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Anatomy of a Goal: Zardes volleys home his 50th regular season goal

This week we look at Gyasi Zardes’ first goal from Saturday’s win against Montreal.

MLS: CF Montreal at Columbus Crew SC Trevor Ruszkowski-USA TODAY Sports

Welcome to the Anatomy of a Goal, where each week we dissect one goal (or near goal) from the previous Columbus Crew match.

For match 27 of the 2021 MLS Season, we take a look at Gyasi Zardes’ 44th minute goal against CF Montreal that gave the Crew a 1-0 lead as part of a 2-1 win on Saturday.

Here’s a look at Zardes’s 50th regular season goal with Columbus.

The Black & Gold returned to Lower.com Field on the back of a 1-1 draw at the Eastern Conference-leading New England Revolution. Back in Columbus, the Crew hosted a Montreal team ahead of them in the MLS Cup playoff standings, representing yet another must-win match if this team looks to sneak into the postseason late in the year.

Columbus has fallen victim to some lackadaisical starts over the course of this seasnoo but this match was not one of those occurrences. From the start, the Black & Gold played like a team that knew the match was a must-win and executed a stout defensive game plan.

Zardes’ goal begins with Montreal in possession. Joel Waterman carries the ball across midfield where he clashes with Marlon Hairston. It appears that Hairston fouls Waterman by stepping on his foot, but the Montreal center back maintains possession and carries the ball a few steps forward.

Waterman plead for a foul but the referee signaled advantage. He carries forward before playing a quick pass toward Joaquin Torres.

Torres is met by Milton Valenzuela, who bodies up the winger.

Valenzuela just beats Torres and sends the ball back toward Hairston.

Torres chases Hairston to the ball, forcing the Columbus midfielder to make a quick decision. Hairston sees Liam Fraser, completing a passing triangle with Valenzuela.

Hairston plays a first-touch pass to Fraser who has already spotted Derrick Etienne Jr. sprinting unmarked toward the midfield line.

Fraser tees up a pass and hits a first timer between Torres and Waterman, right into the path of Etienne.

Etienne times his run well and is off to the races in pursuit of Fraser’s well-weighted pass.

Etienne meets the ball about 40 yards from the end line. Zardes makes a parallel run toward the goal while Samuel Piette scrambles to recover onto Etienne.

Piette reaches Etienne at the corner of the goal box, forcing the Crew winger to decide whether to continue his run up the flank or to cut in toward the goal. Zardes continues his run and shifts behind Kamal Miller.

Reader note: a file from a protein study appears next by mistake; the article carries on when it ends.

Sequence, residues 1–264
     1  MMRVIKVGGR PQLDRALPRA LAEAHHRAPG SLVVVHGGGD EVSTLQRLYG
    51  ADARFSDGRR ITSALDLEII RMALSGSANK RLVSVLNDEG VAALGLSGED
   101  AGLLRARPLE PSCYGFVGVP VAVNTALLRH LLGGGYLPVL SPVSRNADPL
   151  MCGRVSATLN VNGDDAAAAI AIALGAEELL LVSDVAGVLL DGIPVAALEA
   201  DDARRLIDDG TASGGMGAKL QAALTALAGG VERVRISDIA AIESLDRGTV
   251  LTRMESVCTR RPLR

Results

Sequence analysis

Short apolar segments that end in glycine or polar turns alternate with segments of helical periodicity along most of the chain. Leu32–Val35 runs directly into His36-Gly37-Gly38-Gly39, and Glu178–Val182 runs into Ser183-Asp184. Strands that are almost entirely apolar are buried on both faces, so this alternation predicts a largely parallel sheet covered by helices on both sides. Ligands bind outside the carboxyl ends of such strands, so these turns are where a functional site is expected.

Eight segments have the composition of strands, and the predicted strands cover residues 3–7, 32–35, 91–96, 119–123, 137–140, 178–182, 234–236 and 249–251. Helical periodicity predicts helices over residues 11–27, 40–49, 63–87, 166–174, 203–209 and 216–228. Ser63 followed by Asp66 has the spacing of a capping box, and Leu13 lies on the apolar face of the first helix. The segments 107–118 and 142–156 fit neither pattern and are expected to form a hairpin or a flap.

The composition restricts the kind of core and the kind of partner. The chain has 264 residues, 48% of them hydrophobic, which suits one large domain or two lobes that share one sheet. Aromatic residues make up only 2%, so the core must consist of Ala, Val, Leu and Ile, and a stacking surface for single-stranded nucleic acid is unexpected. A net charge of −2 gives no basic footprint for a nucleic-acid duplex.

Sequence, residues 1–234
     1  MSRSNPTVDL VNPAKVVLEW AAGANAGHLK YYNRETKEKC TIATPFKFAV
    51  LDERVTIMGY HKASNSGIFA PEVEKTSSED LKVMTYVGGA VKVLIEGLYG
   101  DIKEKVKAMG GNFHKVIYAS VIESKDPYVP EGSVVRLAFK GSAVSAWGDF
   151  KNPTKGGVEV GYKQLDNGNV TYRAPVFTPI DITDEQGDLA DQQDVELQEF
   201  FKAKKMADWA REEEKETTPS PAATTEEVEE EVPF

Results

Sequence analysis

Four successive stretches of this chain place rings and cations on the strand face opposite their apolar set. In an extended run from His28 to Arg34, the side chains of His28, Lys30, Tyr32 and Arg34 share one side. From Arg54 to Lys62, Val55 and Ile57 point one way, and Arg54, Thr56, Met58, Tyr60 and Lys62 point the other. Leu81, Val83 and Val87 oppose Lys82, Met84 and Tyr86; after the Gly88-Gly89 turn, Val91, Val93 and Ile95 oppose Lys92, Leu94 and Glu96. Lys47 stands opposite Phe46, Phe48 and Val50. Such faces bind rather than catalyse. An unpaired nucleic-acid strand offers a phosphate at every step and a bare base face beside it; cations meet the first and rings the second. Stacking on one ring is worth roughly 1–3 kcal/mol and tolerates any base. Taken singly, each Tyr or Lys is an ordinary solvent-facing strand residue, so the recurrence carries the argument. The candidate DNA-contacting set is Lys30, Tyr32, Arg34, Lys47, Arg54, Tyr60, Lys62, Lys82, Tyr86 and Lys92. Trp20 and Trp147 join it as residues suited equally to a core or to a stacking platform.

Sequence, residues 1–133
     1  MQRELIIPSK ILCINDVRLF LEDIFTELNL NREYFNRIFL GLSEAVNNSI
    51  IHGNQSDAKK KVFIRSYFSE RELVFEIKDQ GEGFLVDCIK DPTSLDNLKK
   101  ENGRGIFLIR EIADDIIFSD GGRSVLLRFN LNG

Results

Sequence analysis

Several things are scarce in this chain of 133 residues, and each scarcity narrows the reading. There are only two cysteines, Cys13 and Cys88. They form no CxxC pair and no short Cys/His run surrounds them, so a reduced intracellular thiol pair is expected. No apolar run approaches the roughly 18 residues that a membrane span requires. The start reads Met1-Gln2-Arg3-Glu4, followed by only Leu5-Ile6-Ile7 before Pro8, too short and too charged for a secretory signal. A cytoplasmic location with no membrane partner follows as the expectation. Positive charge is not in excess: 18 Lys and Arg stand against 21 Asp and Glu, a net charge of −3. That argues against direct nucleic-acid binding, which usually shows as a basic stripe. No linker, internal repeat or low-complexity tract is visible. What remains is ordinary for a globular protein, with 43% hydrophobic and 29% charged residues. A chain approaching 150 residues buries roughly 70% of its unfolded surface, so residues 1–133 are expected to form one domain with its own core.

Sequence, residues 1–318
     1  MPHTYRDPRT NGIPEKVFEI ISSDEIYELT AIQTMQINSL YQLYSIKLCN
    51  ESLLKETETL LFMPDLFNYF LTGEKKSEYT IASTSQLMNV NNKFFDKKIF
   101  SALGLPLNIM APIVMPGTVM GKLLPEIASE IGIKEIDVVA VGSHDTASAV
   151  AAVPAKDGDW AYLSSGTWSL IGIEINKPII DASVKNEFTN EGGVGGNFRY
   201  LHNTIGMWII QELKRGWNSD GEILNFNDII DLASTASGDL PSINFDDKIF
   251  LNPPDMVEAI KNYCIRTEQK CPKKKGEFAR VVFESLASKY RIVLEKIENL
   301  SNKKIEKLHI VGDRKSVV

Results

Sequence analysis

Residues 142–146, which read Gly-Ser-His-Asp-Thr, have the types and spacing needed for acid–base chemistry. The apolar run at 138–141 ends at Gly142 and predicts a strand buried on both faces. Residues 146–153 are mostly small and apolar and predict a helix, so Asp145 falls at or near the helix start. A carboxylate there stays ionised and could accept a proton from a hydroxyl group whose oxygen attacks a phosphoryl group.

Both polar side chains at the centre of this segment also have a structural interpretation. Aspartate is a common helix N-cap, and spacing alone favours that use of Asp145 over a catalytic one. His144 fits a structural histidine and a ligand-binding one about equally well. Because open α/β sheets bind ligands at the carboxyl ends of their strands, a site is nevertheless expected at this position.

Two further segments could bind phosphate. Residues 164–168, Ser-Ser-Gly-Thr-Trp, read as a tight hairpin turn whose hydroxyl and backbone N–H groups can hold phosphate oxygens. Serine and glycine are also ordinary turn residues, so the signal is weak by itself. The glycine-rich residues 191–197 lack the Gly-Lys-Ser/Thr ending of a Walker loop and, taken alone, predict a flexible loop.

Etienne cuts toward the goal and Piette quickly recovers. Now, the Columbus winger has three options. He can take a shot on goal, continue carrying the ball forward or play a curling cross into the path of Zardes.

Etienne spies Zardes and tees up a curling pass into the path of his striker.

At first glance, it appeared that Zardes might have been offside when Etienne’s pass curled in. From the side angle, we can see that Zardes was a few steps onside, and the Video Assistant Referee surely saw the same thing as this goal, like every goal, was reviewed.

Etienne’s ball curls inside the penalty spot and just misses the head of Rudy Camacho.

Zardes beats Miller and has a direct path to the ball.

Zardes reaches the ball at an awkward height — too far in front of him for a diving header and too high to easily bring down. The Black & Gold striker has to decide whether to attempt a first-touch volley on goal or to use his first touch to bring the ball down to the ground.

Zardes gets his right foot onto the ball and sends a shot on goal to the right of James Pantemis.

Pantemis can only watch as the ball sails by him...

...into the back of the net.

  1. This goal, and Zardes’ second goal later in the match, was the Crew gameplan playing out perfectly. As Patrick Guldan mentioned in his game grades for Massive Report, head coach Caleb Porter set the team up to defend aggressively with a midfield trio of Fraser, Hairston and Darlington Nagbe playing just ahead of them. They pressure Montreal and set off counter attacks the other direction. In this play, Hairston and Fraser both play perfect first-touch passes in the defensive half to spring the team across midfield and into the lead.
  2. Fraser’s pass to Etienne is a play that won’t appear on the scoreline — he wasn’t given a secondary assist — but is of vast importance. Fraser saw that Etienne was both on the Columbus half of the field and had no defenders in front of him, so he played a heavier pass forward to let Etienne make use of his speed.
  3. Etienne once again makes a selfless play, sending an inch-perfect curling pass where only Zardes could reach it.
  4. With three goals in two matches, Zardes seems to be rounding into form at the perfect time. Zardes takes a ball that many would not be able to corral and easily sends it into the back of the net.